Set 1902, Adler follows Jane Eyre, who has been wounded in the Boer War, and has returned to a London transmogrified by emerging modernity. An old friend, the glamorous inventor Lady Havisham, introduces her to the American adventuress Irene Adler, and the two seek lodging together. But Adler is engaged in a brutal secret war against a mortal enemy of the British Empire: Ayesha, She-Who-Must-Be-Obeyed, who seeks revenge against the colonisers who destroyed her country. And Jane, not unwilling, is swept up in the case…
Written by Lavie Tidhar and drawn by artist Paul McCaffrey, Adler is a genre-twisting, gender-flipping gorgeously-illustrated graphic novel adventure that is out now to buy! To celebrate we’re giving away a copy of Adler PLUS we spoke to artist Paul McCaffrey about drawing the comic…
How did you first get on board in creating the art for Adler?
Lavie and I had collaborated on a (sort-of) children’s book, Going To The Moon and, for some strange reason, he wasn’t totally averse to working with me again. Our first pitch to Titan didn’t go through – it became Lavie’s novel The Violent Century, so all was not lost – and Lavie then came back with Adler, a rollicking action romp.
The aesthetic of the world is intrinsic to the story in Adler. How did you go about developing this alt-history/steampunk London?
For me, the most important thing – and also the most difficult, too – was to make the London of Adler recognisable and real. These are actual locations, after all. If the period detail felt believable, I hoped it would ground the story and the reader would accept the more fantastical elements, too. I do like the steampunk aesthetic but I felt I shouldn’t overuse it for this story.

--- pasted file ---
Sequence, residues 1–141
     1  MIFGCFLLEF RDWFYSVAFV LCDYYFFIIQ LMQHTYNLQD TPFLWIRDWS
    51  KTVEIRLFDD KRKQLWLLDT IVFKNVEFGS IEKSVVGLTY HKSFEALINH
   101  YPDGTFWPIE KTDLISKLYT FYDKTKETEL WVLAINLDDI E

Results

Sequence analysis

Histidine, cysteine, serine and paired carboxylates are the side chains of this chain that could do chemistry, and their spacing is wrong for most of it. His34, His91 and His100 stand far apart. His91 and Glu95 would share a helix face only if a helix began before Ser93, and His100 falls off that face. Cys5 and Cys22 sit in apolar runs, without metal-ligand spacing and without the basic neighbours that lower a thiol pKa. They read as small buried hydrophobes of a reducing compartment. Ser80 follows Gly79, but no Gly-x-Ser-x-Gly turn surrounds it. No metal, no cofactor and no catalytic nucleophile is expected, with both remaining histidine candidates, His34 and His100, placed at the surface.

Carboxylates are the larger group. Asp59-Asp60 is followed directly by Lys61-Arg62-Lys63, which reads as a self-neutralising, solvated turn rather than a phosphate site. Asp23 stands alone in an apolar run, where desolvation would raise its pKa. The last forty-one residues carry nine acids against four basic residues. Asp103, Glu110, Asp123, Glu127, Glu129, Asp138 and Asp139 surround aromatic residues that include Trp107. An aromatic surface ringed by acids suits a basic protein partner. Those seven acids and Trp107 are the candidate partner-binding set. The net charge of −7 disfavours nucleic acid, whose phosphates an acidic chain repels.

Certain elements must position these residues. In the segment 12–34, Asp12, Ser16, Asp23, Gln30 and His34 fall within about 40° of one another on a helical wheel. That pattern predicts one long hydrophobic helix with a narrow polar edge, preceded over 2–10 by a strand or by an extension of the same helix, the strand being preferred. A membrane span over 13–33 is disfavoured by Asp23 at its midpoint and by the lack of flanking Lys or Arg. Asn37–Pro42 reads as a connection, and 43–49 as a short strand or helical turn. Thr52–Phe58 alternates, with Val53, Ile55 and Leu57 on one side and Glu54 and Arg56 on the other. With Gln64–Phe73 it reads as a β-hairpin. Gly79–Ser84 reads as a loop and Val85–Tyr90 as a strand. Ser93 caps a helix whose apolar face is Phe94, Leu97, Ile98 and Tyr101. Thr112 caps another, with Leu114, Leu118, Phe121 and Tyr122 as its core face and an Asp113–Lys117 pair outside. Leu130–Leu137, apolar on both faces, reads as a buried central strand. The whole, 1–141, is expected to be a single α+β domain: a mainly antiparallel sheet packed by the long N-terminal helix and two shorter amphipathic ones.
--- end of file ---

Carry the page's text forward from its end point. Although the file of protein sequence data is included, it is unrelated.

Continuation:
Did you look to any other iterations of the characters or the works from the time period for inspiration when creating the art work?
I’m afraid I was pretty lazy when it came to research into the characters – film and TV reference rather than the original texts! Unlike Sherlock Holmes, for example, I’m not sure Irene Adler has a strong visual identity in popular culture. That gave me a lot of latitude. Emma Peel from The Avengers TV series was an influence and there’s a bit of Wild-West-gunslinger in there, too. I chose to dress Estella Havisham in white throughout the story as a nod to Miss Havisham’s wedding dress in Great Expectations.
In contrast with the other main characters, Jane needed to look a little more conservative and of-the-period. Ayesha is probably a blend of the Hammer Films version and Xena: Warrior Princess – very high-brow! I wanted Carmilla to look severe and ruthless – hence the black bob – and her coat was inspired by Graf Orlok from Nosferatu.
How did the collaboration process work between you and Lavie in creating the book?
Lavie wrote the words and I drew the pictures! That pretty much sums up the process. All the character designs had to be approved by Lavie, of course, but we seem to think along complementary lines – I hope!
Is there any particular situation or character you’d like for the next book to include so you can create the visuals for them?
Lavie has already mentioned some ideas for another Adler series, which include some very cool – but challenging, for me – visuals! More scope for fantastical steampunk creations…
Want to win a copy of Adler to take home? Simply answer the question below to be in with a chance (competition closes on 13 April)…
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Adler, written Lavie Tidhar and drawn by artist Paul McCaffrey is out now from Titan Comic. Read our review here.